The following are beaches that either I have taken my kids to or that fellow parents from CruiseMates.com's family message board have visited. (Thanks to all of you who posted your favorite family beaches.) The main criteria for a family-friendly beach are: It is accessible by foot or taxi from the cruise port; has gentle water with few waves; offers bathroom facilities, a snack bar, and easy access to taxis back to the ship. Some of these beaches are public and thus will only charge a small fee or none at all. Others are part of a hotel or resort that accepts day visitors. These will generally charge you an entry fee per person or ask you to pay for use of their beach chairs and umbrellas, which may cost you about $15 for two lounge chairs.
I suggest you ask the shore excursions desk aboard ship to give you an approximate idea of how much a taxi will cost to a specific beach that I have mentioned. Also make sure you won't have a problem getting a taxi back from the beach to the ship. Although some shore excursions personnel don't want to be bothered helping you with anything other than purchasing a shore excursion from them, persist in asking them to help you decide which beach to visit. This has been my strategy for our 12 family cruises and I haven't received bad advice yet!
Here's a checklist of things to bring with you on your excursion to the beach: beach towels that the ship gives you upon disembarkation; small bills for a taxi; and a few small pails and shovels you either brought from home or purchased along the way for the kids. Most important, though, is to have a relaxing time with your kids. On cold winter days, I relish the beach days we had with our kids on our Caribbean cruises this past year.
Closer to St. John's is Fort James Beach, where you can rent umbrellas and beach chairs. Make sure you stay in the designated swimming area, since currents can be strong farther away from the shore, one of our readers suggests.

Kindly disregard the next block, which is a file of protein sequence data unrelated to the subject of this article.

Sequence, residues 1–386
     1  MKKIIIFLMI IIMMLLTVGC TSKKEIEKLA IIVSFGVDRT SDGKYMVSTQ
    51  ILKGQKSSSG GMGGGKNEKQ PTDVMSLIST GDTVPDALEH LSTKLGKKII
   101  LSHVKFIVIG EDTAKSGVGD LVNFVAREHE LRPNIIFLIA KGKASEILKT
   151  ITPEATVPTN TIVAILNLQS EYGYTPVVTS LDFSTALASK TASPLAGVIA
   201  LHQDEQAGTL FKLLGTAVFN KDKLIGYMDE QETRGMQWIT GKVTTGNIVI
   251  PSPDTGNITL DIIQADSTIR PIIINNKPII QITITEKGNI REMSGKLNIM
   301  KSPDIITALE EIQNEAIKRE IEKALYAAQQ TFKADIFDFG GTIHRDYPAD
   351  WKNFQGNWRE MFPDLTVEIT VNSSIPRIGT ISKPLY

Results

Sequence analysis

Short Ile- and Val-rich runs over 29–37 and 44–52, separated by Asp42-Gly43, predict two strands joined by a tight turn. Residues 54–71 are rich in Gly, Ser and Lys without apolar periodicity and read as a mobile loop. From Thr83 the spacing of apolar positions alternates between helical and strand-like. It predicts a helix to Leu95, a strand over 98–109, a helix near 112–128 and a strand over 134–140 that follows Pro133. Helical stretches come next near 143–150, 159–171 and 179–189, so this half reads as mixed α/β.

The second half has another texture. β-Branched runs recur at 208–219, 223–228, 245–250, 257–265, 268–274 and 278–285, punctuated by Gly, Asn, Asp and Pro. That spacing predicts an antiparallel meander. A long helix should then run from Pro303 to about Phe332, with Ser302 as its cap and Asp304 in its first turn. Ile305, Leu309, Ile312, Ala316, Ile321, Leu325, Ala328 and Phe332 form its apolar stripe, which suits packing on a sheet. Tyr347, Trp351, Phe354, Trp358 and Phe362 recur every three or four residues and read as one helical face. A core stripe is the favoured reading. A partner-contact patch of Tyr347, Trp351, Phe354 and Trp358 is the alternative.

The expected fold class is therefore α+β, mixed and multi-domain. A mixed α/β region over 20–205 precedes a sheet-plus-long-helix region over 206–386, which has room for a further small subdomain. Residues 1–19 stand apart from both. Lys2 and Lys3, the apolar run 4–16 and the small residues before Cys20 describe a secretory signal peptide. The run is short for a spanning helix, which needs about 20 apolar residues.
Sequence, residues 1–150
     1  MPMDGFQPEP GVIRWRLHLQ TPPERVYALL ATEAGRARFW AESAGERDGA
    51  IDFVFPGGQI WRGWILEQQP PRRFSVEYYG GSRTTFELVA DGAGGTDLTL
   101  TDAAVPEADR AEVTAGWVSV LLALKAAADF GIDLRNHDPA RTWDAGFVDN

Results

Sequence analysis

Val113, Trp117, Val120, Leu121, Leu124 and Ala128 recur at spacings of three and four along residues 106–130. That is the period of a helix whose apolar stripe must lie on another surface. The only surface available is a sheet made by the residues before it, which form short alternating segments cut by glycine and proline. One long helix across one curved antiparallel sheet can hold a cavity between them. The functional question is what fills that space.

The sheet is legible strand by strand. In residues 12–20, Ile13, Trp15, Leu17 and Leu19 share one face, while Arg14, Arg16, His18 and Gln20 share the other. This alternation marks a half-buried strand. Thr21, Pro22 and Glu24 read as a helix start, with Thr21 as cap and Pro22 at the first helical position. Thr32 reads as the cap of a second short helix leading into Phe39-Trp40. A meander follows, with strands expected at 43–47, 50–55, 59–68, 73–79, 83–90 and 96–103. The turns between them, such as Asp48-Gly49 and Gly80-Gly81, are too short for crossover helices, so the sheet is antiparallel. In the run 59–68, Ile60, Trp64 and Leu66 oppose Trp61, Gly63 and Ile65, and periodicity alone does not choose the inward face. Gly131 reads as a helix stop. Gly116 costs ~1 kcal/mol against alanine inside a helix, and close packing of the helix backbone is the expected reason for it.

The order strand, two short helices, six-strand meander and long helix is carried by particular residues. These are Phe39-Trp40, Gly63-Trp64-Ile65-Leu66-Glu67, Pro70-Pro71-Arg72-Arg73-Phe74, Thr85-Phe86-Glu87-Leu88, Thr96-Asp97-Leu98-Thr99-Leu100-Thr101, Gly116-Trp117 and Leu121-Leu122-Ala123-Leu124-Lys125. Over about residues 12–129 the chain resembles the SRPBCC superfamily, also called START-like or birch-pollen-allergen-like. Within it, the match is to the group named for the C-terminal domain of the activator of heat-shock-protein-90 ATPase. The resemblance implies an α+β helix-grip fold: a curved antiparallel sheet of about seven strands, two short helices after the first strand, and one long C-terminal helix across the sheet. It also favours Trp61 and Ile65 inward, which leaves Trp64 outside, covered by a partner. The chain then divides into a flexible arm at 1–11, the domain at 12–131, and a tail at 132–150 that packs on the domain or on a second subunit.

Another option in Aruba is the Sonesta Hotel's private island beach. The hotel is right on the main street in Oranjested and offers boat service right from its lobby to its nearby offshore island. According to one of our readers, the facilities are first rate. However the fee, which includes the boat ride and lunch, is high -- about $25 per person for adults.
Well-known Cable Beach is about a $10 taxi ride from Nassau's cruise ship pier and offers water sports, restaurants and shops. Alternatively, you can take a ferry or taxi to Paradise Island, where you can enjoy Paradise Beach, which charges a nominal admission, or other beaches such as Pirate's Cove.
All beaches in Barbados are open to the public. The beaches on the island's western side are calm, while the Atlantic side can be rough. Some suggestions from a reader include Payne's Bay or Church Point, the latter of which has plenty of trees that offer natural shade.
The most popular beach near St. George's is Tobacco Bay Beach. This small beach is nestled in a cove and has restroom facilities as well as a snack bar.
You can't go wrong by taking a taxi to Seven Mile Beach in Grand Cayman. There are a number of different public beach clubs (you will have to pay a small fee) along Seven Mile Beach, so ask your shore excursions staff to recommend one. The water along Seven Mile Beach is very gentle and some of the hotels along the beach have water sports rentals. One time we even walked across the road from the beach and ate at my daughter's favorite fast food spot -- Burger King -- before heading back to the beach for the afternoon.